Well , after 50 years of doing social justice, human rights work, I've seen all manners of how we treat each other. We used to call it trashing back in the seventies, where you would talk about people behind their backs, gossip about them, but we were also subjected to COINTELPRO. So it wasn't all self-inflicted wounds. We were also infiltrated by the FBI program causing dissension within our ranks. And then of course, as a black woman in the women's movement, I've always had to kind of elbow my way in to get them to understand that feminism was owned by all women, not just white women. So there was a bit of calling out doing that starting in the 1970s for me. And then of course, when I worked with Reverend CT, Vivian doing anticline work, we were always dealing with as well , uh , people who were leaving hate groups that I had to learn how to talk to. So by curating all of that experience, when I finally became aware of the call-out cancel culture that was taking place on social media, I thought that I had a voice in a perspective to add to that because I've been doing that kind of work since I was in my early twenties. And what I find is that human nature has not changed that much it's that we've got better toys. And so we're using social media to say things to people that we probably dare say to most people that when we're in real life with them to their faces, I think we hide behind the anonymity of social media to sometimes become people that may not perfectly align with who, how good we think we are inside with those external behaviors that we display on social media. I, so I don't want to blame it on young people. I mean the original definition of a call-out killed Alexander Hamilton and the right lean, you know , are the creators and the masters of the cancel call out culture in a very hypocritical way as, so I'm not going to do a false equivalence and say the left is as bad as the right or those kinds of things for those are too simplistic analysis for me. But my biggest concern is that there is an inevitability in my heart and head about the human rights victory. I actually think that our opponents are demographically do, and they know it. And I don't want us to self-defeat , you know , self-destruct on the way to victory with the call-out culture. That's my biggest worry right now, as the athletes say, I don't want to snatch defeat out of the jaws of victory right there. They, the people we're fighting, I'm trying to fight time. They're trying to divide history that trying to fight the truth. And I don't think they're good enough to win all of that stuff. And so I'm very optimistic about our chances, but I am deeply concerned because how we do the work is as important as the work that we do. And so that's why I've been analyzing and writing on the call-out culture for the last six or seven years.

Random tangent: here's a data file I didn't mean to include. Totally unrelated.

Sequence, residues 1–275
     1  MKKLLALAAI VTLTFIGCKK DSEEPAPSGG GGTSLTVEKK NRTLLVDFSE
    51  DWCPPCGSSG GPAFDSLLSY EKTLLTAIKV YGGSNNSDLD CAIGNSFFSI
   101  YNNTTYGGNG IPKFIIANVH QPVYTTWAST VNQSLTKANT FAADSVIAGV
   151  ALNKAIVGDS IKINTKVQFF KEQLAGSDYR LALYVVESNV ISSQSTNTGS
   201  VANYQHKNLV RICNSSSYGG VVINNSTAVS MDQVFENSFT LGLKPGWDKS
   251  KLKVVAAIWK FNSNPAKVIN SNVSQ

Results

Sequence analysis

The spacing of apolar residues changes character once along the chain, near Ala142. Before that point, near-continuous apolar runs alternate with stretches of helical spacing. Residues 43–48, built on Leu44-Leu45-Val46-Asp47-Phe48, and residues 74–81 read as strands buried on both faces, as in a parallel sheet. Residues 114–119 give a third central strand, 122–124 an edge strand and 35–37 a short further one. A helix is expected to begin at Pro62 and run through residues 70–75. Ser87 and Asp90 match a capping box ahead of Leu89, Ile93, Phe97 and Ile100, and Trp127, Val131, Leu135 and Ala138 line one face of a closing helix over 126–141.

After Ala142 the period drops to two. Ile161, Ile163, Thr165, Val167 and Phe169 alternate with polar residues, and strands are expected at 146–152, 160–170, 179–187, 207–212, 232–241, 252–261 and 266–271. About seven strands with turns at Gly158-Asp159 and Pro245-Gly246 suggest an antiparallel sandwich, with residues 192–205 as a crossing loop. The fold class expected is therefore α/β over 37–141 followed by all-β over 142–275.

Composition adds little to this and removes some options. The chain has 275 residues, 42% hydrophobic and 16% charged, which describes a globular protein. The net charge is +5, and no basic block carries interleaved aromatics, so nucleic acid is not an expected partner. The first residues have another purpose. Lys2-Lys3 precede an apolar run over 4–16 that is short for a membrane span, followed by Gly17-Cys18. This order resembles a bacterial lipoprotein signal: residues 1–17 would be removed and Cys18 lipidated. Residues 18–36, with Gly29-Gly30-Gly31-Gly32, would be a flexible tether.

Speaker 1: